“Not entirely, you nosy woman. I’m merely meeting him at the dock at five.”
“For a date.”
“A small date,” Callie corrected.
“To make a go of it?” Lucille repeated.
“I don’t know.” Callie hesitated. “I want to, but—”
“No but! That sentence should start and end with ‘I want to.’”
“He doesn’t think of me in that way,” Callie said.
“I’m serious, Callie,” Lucille said, and to prove it she even put down her cookie and leaned in, eyes solemn. “I’ve seen the way he looks at you.”
“Like I’m an amusement?”
“Like the sun rises and sets in your eyes.”
Callie blew out a breath. “He introduced me as Callie.”
“Well, honey, last I checked that was your name.”
Callie closed her eyes. She knew this sounded dumb. “Sam introduced Becca as his wife-to-be. Cole introduced Olivia as his girlfriend. Tanner then introduced me as just Callie.”
Lucille looked at her for a long beat. “Do you think you’re the only one who’s afraid of getting hurt? Do you think you’re the only one who’s uncertain about the future and letting someone in?”
“No,” Callie said. “Of course not, but Tanner—”
“—is just a man. A man who came back to Lucky Harbor to provide a steady family life for the people he loves. He doesn’t turn his back on anyone, ever, and I’ve seen how he looks at you. If he didn’t slap a label on your forehead, it’s simply because he didn’t know what that label was. That doesn’t mean he doesn’t feel anything for you. It just means that maybe he doesn’t know what you feel for him.”
Callie stared at her grandma. How many times had she told Tanner that their sleeping together “wouldn’t change a thing”?
She’d never once let on that she had growing feelings for him. Which meant her grandma was right, she had no one to blame but herself.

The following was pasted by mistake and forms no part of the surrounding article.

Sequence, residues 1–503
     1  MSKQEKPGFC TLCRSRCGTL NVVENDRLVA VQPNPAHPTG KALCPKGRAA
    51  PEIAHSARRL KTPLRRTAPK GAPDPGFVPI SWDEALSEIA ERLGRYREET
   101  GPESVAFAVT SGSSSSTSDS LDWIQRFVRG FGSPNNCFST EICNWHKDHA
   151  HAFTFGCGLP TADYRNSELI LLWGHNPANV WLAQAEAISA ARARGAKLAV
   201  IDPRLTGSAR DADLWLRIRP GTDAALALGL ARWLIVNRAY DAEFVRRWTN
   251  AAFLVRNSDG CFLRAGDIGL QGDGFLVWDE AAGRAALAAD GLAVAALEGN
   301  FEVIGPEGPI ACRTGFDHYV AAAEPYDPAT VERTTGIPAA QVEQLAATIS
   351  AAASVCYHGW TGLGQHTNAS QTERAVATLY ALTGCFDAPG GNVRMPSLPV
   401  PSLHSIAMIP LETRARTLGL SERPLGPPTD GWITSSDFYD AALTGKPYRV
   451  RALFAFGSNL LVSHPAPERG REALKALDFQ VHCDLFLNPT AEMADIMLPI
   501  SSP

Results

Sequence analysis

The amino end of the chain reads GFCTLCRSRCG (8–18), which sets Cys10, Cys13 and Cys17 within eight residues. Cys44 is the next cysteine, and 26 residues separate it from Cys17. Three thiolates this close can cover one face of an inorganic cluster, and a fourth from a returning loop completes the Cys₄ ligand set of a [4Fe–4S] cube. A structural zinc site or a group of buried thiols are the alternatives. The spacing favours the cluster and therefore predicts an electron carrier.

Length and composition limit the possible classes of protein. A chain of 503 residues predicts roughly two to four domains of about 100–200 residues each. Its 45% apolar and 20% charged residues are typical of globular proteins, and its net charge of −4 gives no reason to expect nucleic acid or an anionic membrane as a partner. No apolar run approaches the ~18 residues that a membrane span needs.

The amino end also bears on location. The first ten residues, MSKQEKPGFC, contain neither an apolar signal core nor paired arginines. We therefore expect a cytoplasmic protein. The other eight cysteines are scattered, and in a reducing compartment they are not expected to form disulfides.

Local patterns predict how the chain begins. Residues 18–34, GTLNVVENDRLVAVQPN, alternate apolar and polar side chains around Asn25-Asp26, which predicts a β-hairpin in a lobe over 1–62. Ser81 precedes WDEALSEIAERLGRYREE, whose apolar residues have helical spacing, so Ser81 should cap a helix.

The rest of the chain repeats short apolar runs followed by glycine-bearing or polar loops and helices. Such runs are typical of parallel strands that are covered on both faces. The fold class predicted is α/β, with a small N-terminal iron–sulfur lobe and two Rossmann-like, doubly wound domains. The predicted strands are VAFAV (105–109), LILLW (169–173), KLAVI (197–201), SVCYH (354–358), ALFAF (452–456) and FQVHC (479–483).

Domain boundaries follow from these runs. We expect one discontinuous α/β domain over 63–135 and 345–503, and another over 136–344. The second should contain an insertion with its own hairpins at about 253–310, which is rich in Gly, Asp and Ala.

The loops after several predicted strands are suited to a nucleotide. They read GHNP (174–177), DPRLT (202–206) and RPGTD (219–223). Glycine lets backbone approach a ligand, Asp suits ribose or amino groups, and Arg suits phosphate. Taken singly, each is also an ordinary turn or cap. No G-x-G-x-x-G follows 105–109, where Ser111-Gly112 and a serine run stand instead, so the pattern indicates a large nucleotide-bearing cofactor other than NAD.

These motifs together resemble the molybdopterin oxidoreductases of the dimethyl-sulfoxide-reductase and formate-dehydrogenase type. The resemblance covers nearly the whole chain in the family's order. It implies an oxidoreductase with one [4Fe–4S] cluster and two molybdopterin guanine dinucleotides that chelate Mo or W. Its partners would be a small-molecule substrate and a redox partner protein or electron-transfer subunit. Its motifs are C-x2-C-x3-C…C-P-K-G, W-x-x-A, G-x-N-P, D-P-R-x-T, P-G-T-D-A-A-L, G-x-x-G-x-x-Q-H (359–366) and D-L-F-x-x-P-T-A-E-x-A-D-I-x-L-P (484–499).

“Honey.” Lucille took Callie’s hands in hers. “What is it you want from him?”
“I don’t know.” A lie. She wanted him, all of him.
“I’m going to ask you again,” Lucille said gently. “What is it you really want from him? Nothing? A good time? Everything?”
“Everything,” Callie whispered.
Lucille smiled and squeezed Callie’s fingers. “Then tell him. Tell him tonight.”
Callie’s heart leapt and bounced against her ribs some. In a terrifying but good way. Was she ready for this?
Yes. God, yes. And this time when she looked at the clock, she rose. “Here goes nothing.”
“Or everything,” Lucille said.
“Don’t forget some lip gloss,” Lucille called after her. “And it wouldn’t hurt to tame the hair a little.”
“Just sayin’…And you’re going to put real clothes on, right?”
Callie glanced down at her yoga pants and sweatshirt. Shit. Yeah. She needed real clothes. Because tonight she was going to be her own client, and she would never let a client meet her future groom in sweats.
She stopped at home and put on her cutest pair of skinny jeans. She did have to lie flat on the bed to zip them up, but they looked good tucked into the boots Tanner liked.
She got to the docks at a quarter to five. Habit. Normally she prided herself on being early and prepared, but today she would have liked to have been the one being waited for.
The boat was moored but empty. The hut was closed. The warehouse, locked.
The guys weren’t still out on the water but they weren’t here either.
Telling herself not to look at her phone again, she sat to wait.
But Tanner never came. He just…didn’t show. And it was like standing at the altar all alone waiting for Eric all over again.
Waiting for someone to love her.
Tanner sat in the principal’s office next to his son, who was also sitting, holding an ice pack to his eye.
The principal was glaring at the both of them balefully. “I thought we agreed that this behavior couldn’t continue,” she said in that principal-to-errant-student tone that made Tanner feel fifteen all over again.
Troy said nothing.
Tanner had docked the boat half an hour ago and found messages waiting for him. One from the principal that merely said “Need to see you in my office ASAP.”
One from Elisa saying “Got a message from the principal, need you to handle it.”
Not surprisingly nothing from Troy, not one little peep.
Cole and Sam finished up with their clients as Tanner headed to the high school.
And here the three of them sat.
“I’m going to have to take more severe action this time,” the principal said.
Tanner ignored this and turned to Troy. “What happened?”
“He hit a fellow student and started a fight,” the principal said.
Tanner didn’t take his eyes off Troy. “I’m asking my son.”
Troy lifted his gaze to Tanner’s, his eyes registering surprise that his dad would listen to him over the principal.
Tanner gave him a small, reassuring nod. He wanted the truth, and he wanted to hear it from Troy.